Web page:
Here is My Question:
I was diagnosed with MS in January of 2012 after the severe onset of double vision. I was hospitalized for 5 days as they ran tests, including blood work, an MRI, a spinal tap, ultrasound & more. After being released, I went to a neurologist who wanted to do some tests of his own before beginning treatment. He explained that there were O bands found in my spinal fluid and with MS, the band's are only present in the spinal fluid or the blood, not both. However, when the band's were also present in my blood, he said that sometimes it can cross over, leaving me completely bewildered. There were lesions present on my brain as well as my spinal cord as well. Since this time, no one has been able to tell me how this is possible. Can you please give me some insight or possibly where to start? Many thanks!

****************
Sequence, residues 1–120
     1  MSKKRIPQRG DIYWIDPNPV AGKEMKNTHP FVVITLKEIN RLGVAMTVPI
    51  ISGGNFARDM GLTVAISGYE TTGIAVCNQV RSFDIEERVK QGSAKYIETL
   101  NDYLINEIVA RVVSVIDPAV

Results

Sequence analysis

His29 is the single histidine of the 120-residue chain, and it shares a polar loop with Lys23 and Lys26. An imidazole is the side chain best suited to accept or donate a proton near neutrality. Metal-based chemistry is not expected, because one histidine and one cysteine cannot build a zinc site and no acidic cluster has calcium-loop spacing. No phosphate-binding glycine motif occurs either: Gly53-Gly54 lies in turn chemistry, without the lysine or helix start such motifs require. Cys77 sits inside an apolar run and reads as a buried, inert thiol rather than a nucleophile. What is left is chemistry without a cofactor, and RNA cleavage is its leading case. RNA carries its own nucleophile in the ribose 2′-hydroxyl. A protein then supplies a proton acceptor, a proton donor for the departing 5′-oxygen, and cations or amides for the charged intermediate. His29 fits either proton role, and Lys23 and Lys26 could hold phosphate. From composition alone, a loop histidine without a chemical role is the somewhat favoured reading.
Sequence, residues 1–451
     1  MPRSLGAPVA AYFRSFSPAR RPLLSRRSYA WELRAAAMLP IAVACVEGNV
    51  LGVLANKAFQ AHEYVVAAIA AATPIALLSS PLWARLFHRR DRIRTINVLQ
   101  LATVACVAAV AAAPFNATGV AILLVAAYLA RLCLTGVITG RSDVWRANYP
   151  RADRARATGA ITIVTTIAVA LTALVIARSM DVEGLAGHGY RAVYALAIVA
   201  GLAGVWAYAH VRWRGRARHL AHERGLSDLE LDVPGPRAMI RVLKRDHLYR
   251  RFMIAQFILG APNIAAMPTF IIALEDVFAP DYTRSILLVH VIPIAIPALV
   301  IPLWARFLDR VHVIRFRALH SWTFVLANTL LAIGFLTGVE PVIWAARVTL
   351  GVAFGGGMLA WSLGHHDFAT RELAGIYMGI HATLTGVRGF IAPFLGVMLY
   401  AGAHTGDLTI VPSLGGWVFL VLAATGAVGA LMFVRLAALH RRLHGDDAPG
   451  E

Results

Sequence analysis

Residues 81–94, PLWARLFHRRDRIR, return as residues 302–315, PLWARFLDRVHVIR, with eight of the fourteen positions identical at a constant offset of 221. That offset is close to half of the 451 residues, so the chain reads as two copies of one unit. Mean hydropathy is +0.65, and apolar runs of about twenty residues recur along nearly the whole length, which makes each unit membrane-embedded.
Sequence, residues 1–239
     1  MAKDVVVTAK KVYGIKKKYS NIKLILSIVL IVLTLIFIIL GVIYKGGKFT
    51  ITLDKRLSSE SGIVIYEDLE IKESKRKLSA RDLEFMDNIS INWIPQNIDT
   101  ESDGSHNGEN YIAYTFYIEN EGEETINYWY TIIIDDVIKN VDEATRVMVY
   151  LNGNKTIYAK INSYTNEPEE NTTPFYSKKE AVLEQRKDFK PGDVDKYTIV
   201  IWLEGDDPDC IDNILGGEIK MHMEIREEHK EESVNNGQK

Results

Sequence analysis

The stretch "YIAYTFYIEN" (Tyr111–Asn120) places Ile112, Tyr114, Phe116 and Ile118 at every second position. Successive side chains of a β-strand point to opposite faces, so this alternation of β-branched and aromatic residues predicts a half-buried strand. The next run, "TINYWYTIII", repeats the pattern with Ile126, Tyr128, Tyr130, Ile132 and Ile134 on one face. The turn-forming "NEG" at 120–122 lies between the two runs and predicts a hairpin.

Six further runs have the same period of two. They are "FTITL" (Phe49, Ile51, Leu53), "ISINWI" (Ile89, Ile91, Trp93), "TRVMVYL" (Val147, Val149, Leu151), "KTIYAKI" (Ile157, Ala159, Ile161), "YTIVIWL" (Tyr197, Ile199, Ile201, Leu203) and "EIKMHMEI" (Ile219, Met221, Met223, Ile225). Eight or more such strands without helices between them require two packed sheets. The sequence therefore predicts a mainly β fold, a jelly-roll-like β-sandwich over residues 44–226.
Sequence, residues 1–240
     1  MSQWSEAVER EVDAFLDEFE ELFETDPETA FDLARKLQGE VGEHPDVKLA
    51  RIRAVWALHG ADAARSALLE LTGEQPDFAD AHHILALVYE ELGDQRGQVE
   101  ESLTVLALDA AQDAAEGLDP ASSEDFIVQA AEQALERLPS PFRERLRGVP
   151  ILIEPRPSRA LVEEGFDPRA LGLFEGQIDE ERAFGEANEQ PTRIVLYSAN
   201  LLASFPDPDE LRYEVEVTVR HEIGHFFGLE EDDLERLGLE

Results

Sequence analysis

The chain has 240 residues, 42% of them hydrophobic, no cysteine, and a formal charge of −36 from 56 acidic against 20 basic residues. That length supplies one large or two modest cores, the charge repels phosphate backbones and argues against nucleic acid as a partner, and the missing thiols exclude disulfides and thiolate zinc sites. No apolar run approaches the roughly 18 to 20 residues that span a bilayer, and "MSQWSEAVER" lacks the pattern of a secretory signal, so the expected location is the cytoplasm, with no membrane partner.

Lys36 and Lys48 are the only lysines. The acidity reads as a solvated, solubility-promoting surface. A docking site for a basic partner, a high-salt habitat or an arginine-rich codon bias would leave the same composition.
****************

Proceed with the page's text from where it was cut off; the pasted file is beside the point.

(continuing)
Oligoclonal bands in the CSF are a hallmark of multiple sclerosis, but are also seen with several inflammatory disorders that affect the nervous system. By definition an Oligoclonal band is an immunoglobulin of a particular specificity that is found in the spinal fluid but is not found in a matching blood sample. This means that the CSF immunoglobulin was made by a clone of plasma cells that resides in the cerebrospinal fluid circulation, but not in the blood circulation. Oligoclonal bands that are present in both the blood and spinal fluid are simply immunoglobulins that have passed from the circulation into the spinal fluid and are therefore not directly related to any ongoing inflammatory condition in the brain.
Revere (Rip) Kinkel MD
Director of the Multiple Sclerosis Program
Professor of Clinical Neurosciences
University of California San Diego
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